Convening your Personal Board of Directors: soliciting advice from the right people at the right time

By | Fellows, RADIUS Edu, RADIUS Ventures | No Comments

Finding a table to sit down at and ask the right questions to the right people about life, business or spirituality is not an easy feat these days, yet we should keep trying. It’s the only thing that keeps us going forward.

#RADIUSFellow Theunis Snyman is looking to bring folks to the table to help answer big questions.

Theunis Snyman is a RADIUS fellow and maker who classifies himself as a “dumpster diver designer” who is always looking for new opportunities to expand his curiosity of the way things work. He is the co-founder of BASIC DESIGN and #Vancouver Trash Lab. They upcycle everything they get their hands on and help teach SFU Business students how to do it. He just finished designing and building Vancouver’s first #Zerowaste coffee shop, Lupii Cafe in Champlain Heights with Dr Lisa Papania, SFU business professor and new Social Venturist.

Asking for help or advice does not come to me naturally. I grew up in a context where there was very little access to advice. I had to navigate through life using my own judgement and mental resources, sometimes learning lessons the hard way, and the learning came from introspective reflection. To ask is to trust and to trust is to know that the person that you’re asking advice from has your best interest at heart and is solid in their objectivity. Asking helps when you’re unsure about your direction, but also when you’re on the right path and just need adjustments to help  identify the opportunities for learning. This process helps build us up as “travellers” of this world.

The RADIUS fellowship, an SFU Beedie School of Business initiative, has transformed partly the way I think but mostly the way I do through a series of personal development strategies and tools. The RADIUS Fellowship is a room full of radical doers, determined to change the world with grassroots areas of Social Innovation. Being able to check in every Monday night session with these folks has been a real experience.


At the RADIUS Fellows opening retreat, February 2015.

In one of these sessions together, Jennifer McRae and Sue Biely introduced the Fellowship to the concept of the “Personal Board of Directors” tool to help keep us on track to the next destination. This is an abstract concept, using language from a very structured institution. It’s a leadership tool to help you make informed decisions based on experience from folks you chose to assemble when faced with a challenge.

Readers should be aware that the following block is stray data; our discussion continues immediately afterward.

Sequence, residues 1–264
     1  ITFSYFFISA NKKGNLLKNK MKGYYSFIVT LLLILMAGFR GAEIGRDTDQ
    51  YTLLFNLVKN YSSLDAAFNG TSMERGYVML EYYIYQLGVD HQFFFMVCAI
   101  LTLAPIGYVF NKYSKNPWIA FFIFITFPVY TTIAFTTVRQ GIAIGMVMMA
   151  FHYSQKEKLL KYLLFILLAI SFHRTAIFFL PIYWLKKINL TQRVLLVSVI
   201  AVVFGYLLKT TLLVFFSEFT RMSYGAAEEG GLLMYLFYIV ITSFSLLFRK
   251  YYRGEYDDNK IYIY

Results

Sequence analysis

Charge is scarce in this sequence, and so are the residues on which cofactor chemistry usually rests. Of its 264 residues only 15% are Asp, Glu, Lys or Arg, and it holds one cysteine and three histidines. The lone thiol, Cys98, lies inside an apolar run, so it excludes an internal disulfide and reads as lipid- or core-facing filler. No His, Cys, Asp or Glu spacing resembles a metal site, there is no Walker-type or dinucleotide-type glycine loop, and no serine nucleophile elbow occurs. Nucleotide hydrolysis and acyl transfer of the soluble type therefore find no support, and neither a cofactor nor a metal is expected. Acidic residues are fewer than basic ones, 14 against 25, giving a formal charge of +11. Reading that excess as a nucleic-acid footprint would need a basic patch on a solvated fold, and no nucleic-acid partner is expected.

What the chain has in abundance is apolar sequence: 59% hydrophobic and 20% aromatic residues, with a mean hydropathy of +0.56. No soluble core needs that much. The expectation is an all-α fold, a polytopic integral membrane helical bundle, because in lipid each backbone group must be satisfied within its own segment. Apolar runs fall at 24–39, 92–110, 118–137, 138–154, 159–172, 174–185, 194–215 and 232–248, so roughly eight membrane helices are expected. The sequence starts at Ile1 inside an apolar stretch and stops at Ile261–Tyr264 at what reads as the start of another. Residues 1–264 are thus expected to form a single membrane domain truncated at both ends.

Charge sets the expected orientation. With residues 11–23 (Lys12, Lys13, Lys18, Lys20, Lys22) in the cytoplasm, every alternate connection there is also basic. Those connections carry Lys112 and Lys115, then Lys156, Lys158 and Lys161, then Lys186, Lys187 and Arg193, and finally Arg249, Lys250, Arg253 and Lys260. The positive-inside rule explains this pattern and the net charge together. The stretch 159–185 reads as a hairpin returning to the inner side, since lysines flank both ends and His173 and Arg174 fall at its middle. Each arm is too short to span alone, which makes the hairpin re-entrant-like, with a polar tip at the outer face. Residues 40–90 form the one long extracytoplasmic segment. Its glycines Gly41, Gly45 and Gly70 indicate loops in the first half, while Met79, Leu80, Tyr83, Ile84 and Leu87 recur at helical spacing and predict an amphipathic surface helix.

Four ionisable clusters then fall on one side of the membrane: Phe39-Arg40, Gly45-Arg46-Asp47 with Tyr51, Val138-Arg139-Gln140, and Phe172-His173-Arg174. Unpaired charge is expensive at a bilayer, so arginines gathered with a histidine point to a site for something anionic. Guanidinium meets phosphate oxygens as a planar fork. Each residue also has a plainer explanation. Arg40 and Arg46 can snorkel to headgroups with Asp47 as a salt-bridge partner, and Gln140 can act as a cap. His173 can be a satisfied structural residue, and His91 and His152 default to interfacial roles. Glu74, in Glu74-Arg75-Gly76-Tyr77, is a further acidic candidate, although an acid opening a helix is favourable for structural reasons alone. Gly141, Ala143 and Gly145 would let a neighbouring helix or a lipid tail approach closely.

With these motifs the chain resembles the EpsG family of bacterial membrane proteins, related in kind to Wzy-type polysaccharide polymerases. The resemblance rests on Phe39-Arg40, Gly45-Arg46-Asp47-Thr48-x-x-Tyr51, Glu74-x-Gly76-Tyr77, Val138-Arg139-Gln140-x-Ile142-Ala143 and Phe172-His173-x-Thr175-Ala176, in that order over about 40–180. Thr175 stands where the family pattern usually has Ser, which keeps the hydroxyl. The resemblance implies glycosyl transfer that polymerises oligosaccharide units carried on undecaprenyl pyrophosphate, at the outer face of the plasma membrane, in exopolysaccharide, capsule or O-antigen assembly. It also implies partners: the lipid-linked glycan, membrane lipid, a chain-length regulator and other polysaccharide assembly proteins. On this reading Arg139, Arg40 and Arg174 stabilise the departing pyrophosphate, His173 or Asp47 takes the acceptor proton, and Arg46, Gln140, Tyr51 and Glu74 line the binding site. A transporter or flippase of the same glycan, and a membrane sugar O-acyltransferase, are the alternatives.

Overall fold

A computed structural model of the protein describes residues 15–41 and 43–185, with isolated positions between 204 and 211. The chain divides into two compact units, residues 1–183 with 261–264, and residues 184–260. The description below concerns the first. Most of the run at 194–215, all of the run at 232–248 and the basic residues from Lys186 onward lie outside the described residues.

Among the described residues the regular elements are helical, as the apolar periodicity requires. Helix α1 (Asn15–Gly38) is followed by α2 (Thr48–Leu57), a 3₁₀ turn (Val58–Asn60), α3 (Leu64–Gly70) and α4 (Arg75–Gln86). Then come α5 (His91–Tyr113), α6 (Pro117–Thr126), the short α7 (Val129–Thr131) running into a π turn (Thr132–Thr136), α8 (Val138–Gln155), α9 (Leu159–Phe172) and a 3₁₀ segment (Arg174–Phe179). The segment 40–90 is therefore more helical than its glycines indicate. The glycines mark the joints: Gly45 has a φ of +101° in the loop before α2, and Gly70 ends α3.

What is a Personal Board of Directors?

We all come to a major crossroads in our life, challenged with making a critical, sometimes life-changing decision. The conceptual idea of the “Personal Board of Directors” is the idea that you can present a problem to trusted advisors and then ‘lean in’ and listen. The data you garner from this convention should come from a broad range of experience and hopefully there is enough substance for you to formulate a plan to implement a possible solution to your problem.

This is not an opportunity to surrender your responsibility to think critically. This PBoD only serves to be a part of your strategy to solve a problem you’re struggling with. They provide an experiential perspective and you have to merge their perspectives into your context, because only you can know your full context and have to be honest about it. The act of convening a Personal Board of Directors could mean that you or I am evolving to the next level of problem solving and critical thinking. It means that I stopped, thought about my challenge, added in some really good advice, and then acted. This adds depth to my thought process by allowing me to step back and think about what I should do next before I jump trains or whether I should switch tracks. The “Elders” system in aboriginal cultures have been doing this for millennia and I believe we have often forgotten the utility of this wisdom in becoming great leaders.

How does it work?

To clarify, this tool is not the corporate structural “board” that Michael J Fox and Melanie Griffith in eighties movies made famous, but more of a reference to the concept. It is not a bunch of folks in suits sitting in a boardroom deliberating  over  piecharts of annual profits. It is, simply put, a bunch of folks that you have chosen to assist you in “workshopping” with you navigate a problem you are facing right now. This problem is specific and temporary. This is probably a one shot deal. One problem, one board and hopefully good data to choose from to work toward a solution. The premise of the Personal Board of Directors represents the capability of an impromptu convention of trusted advisers who you know or know of, who might be willing to hear about a situation in your life or organisation and offer a perspective.

Lupii Cafe - Theunis & Jesi

Theunis with partner and Basic Design co-founder Jesi Carson in the newly opened Lupii Cafe, Vancouver’s first zero-waste cafe.

How you assemble your PBoD is really up to you and what technology and analog method you choose . A google group hangout or skype meeting is completely adequate in direct feedback. You can use a well-written email to prompt your chosen group, outlining your problem and a request for participation, and then follow up with a skype meeting, return email, or even a long table dinner discussion at a central convening point, if physically possible.